‘The audience for the neuro-school turned out to be absolutely wonderful - smart, and most importantly, motivated people. We discussed future projects, for example, articles in the ‘Schrödinger's Cat’ scientific journal and the neuro-linguistics workshop at the ‘Summer School’ (the summer school of the ‘Russian Reporter’). We also discussed how to popularise neuro-linguistics among high school students, for example, through involvement in scientific volunteering project. I believe that this school will help to popularise neuro-linguistics in Russia because, currently, it is much less appreciated than, let’s say, popular astrophysics or anthropology.’
During the lecture ‘Scientific news as the main tool for promoting research: features, structure, and the basic rules of writing’ by Daniil Kuznetsov, participants learned how and when it is best to start interacting with scientific communicators and brand media editors at their university so that their research can be effectively covered in the media. In addition, the students learnt how their large, detailed scientific article can be turned into a short news article, as well as why creative and catching headlines are vital.
It was very important to me that our young scientists could put themselves in the place of journalists, walk in their shoes and look at the scientific process and the functioning of the media through their eyes. In most cases, this kind of experience removes various blocks and prejudices when working with the media in the future. Researchers understand why media specialists do certain things, which means they can help them create fascinating, but at the same time factually correct articles. The small exercise I proposed — to read a scientific paper from an unfamiliar field in half an hour and create a short piece about the research based on it — turned out to be a difficult task, but it allowed me to fully get into the daily routine work of a scientific journalist.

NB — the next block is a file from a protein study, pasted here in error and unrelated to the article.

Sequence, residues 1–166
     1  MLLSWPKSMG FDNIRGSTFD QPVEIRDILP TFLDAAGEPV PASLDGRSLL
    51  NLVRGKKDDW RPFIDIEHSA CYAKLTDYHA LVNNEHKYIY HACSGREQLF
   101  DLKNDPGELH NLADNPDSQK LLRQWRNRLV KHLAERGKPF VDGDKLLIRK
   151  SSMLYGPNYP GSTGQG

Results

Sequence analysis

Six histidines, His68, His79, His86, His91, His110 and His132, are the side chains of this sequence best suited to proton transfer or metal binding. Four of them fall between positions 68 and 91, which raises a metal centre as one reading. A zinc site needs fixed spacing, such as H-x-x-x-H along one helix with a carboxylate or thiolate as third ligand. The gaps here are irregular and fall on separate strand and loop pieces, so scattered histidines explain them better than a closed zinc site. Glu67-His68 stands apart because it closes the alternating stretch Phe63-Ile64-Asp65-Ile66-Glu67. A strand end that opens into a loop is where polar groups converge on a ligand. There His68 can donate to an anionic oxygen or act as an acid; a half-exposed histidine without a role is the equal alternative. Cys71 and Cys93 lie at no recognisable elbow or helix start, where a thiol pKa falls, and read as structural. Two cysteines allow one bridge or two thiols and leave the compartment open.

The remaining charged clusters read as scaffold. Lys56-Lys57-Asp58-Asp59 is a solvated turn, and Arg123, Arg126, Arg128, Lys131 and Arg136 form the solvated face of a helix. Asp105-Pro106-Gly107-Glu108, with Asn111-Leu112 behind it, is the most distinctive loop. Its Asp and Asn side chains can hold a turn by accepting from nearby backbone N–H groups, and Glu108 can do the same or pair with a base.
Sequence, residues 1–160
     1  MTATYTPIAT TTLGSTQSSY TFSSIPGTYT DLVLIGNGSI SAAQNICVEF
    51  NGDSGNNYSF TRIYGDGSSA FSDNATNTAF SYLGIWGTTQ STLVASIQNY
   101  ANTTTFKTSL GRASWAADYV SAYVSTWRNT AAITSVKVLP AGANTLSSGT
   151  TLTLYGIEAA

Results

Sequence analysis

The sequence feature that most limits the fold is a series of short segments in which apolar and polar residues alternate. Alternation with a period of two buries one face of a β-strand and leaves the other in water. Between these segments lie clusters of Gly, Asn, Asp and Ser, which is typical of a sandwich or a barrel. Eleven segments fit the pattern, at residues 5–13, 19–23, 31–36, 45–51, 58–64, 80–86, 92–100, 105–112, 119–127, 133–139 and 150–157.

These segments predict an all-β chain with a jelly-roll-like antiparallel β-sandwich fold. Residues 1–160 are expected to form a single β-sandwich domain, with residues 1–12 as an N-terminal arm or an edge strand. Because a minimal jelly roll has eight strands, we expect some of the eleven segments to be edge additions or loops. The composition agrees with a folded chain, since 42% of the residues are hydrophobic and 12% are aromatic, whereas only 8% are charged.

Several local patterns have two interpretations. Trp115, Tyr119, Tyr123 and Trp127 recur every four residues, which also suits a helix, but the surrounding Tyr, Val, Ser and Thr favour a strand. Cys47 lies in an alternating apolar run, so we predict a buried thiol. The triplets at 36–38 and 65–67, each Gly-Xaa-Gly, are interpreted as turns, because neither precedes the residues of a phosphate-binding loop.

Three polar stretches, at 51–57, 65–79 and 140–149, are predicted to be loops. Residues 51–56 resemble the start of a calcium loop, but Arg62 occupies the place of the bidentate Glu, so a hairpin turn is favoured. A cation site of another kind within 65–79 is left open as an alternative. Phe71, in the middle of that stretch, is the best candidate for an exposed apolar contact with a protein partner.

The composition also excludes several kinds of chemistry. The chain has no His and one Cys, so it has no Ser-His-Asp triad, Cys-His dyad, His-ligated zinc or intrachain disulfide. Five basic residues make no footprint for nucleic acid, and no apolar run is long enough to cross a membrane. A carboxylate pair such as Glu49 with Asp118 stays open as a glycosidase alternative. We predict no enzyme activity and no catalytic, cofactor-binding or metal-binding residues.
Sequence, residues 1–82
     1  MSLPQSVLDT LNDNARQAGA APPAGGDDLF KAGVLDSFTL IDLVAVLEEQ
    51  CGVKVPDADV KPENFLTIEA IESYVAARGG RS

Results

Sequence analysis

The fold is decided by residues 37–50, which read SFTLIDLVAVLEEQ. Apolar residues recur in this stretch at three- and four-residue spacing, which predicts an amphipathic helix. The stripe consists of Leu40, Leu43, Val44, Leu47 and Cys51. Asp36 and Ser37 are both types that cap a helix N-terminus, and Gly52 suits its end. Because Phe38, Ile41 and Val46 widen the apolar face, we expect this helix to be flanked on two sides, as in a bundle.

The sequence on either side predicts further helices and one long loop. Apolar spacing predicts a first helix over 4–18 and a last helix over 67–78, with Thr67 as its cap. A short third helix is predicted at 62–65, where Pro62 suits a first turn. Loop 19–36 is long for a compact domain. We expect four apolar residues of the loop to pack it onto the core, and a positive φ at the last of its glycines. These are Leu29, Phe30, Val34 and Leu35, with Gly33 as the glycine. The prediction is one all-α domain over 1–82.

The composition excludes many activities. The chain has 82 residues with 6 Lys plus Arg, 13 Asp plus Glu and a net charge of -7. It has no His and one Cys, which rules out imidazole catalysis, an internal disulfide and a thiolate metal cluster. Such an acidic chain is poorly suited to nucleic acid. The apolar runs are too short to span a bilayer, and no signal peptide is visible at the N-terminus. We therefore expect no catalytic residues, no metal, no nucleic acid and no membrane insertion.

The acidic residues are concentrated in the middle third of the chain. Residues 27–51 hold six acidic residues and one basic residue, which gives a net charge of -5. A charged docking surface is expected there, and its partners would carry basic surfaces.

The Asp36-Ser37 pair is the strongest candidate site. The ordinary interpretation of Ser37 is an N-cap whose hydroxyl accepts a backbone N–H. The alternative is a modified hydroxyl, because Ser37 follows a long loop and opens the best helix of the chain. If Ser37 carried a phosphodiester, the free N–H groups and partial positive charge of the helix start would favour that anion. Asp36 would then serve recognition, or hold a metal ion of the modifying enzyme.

Grigory Tarasevich, Daniil Kuznetsov and researchers of the HSE Centre for Language and Brain Studies Nina Zdorova and Alina Minnigulova participated in the round table ‘Experiences of interaction between scientists and the media’. As a result of the discussion, most of the participants agreed that scientists and journalists need intermediaries – scientific communicators.